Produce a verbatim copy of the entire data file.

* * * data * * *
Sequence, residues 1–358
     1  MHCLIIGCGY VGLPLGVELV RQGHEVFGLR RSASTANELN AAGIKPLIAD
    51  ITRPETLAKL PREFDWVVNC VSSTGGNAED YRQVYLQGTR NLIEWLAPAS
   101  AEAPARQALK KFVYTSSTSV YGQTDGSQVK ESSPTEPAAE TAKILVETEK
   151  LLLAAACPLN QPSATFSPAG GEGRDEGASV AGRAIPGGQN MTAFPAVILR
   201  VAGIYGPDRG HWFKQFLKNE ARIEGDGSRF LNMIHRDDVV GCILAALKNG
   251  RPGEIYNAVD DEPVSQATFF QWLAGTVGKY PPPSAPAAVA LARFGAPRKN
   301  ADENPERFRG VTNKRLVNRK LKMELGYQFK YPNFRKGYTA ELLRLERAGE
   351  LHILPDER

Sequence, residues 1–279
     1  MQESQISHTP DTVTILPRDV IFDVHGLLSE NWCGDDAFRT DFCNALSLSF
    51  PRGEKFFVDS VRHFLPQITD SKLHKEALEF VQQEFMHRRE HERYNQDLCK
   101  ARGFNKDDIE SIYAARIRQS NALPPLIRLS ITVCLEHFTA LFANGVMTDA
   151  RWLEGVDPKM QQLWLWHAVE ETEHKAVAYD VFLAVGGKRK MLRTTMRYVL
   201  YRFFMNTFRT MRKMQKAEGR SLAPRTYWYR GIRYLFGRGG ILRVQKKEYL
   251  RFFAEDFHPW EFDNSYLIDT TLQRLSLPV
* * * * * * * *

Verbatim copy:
Sequence, residues 1–358
     1  MHCLIIGCGY VGLPLGVELV RQGHEVFGLR RSASTANELN AAGIKPLIAD
    51  ITRPETLAKL PREFDWVVNC VSSTGGNAED YRQVYLQGTR NLIEWLAPAS
   101  AEAPARQALK KFVYTSSTSV YGQTDGSQVK ESSPTEPAAE TAKILVETEK
   151  LLLAAACPLN QPSATFSPAG GEGRDEGASV AGRAIPGGQN MTAFPAVILR
   201  VAGIYGPDRG HWFKQFLKNE ARIEGDGSRF LNMIHRDDVV GCILAALKNG
   251  RPGEIYNAVD DEPVSQATFF QWLAGTVGKY PPPSAPAAVA LARFGAPRKN
   301  ADENPERFRG VTNKRLVNRK LKMELGYQFK YPNFRKGYTA ELLRLERAGE
   351  LHILPDER

Sequence, residues 1–279
     1  MQESQISHTP DTVTILPRDV IFDVHGLLSE NWCGDDAFRT DFCNALSLSF
    51  PRGEKFFVDS VRHFLPQITD SKLHKEALEF VQQEFMHRRE HERYNQDLCK
   101  ARGFNKDDIE SIYAARIRQS NALPPLIRLS ITVCLEHFTA LFANGVMTDA
   151  RWLEGVDPKM QQLWLWHAVE ETEHKAVAYD VFLAVGGKRK MLRTTMRYVL
   201  YRFFMNTFRT MRKMQKAEGR SLAPRTYWYR GIRYLFGRGG ILRVQKKEYL
   251  RFFAEDFHPW EFDNSYLIDT TLQRLSLPV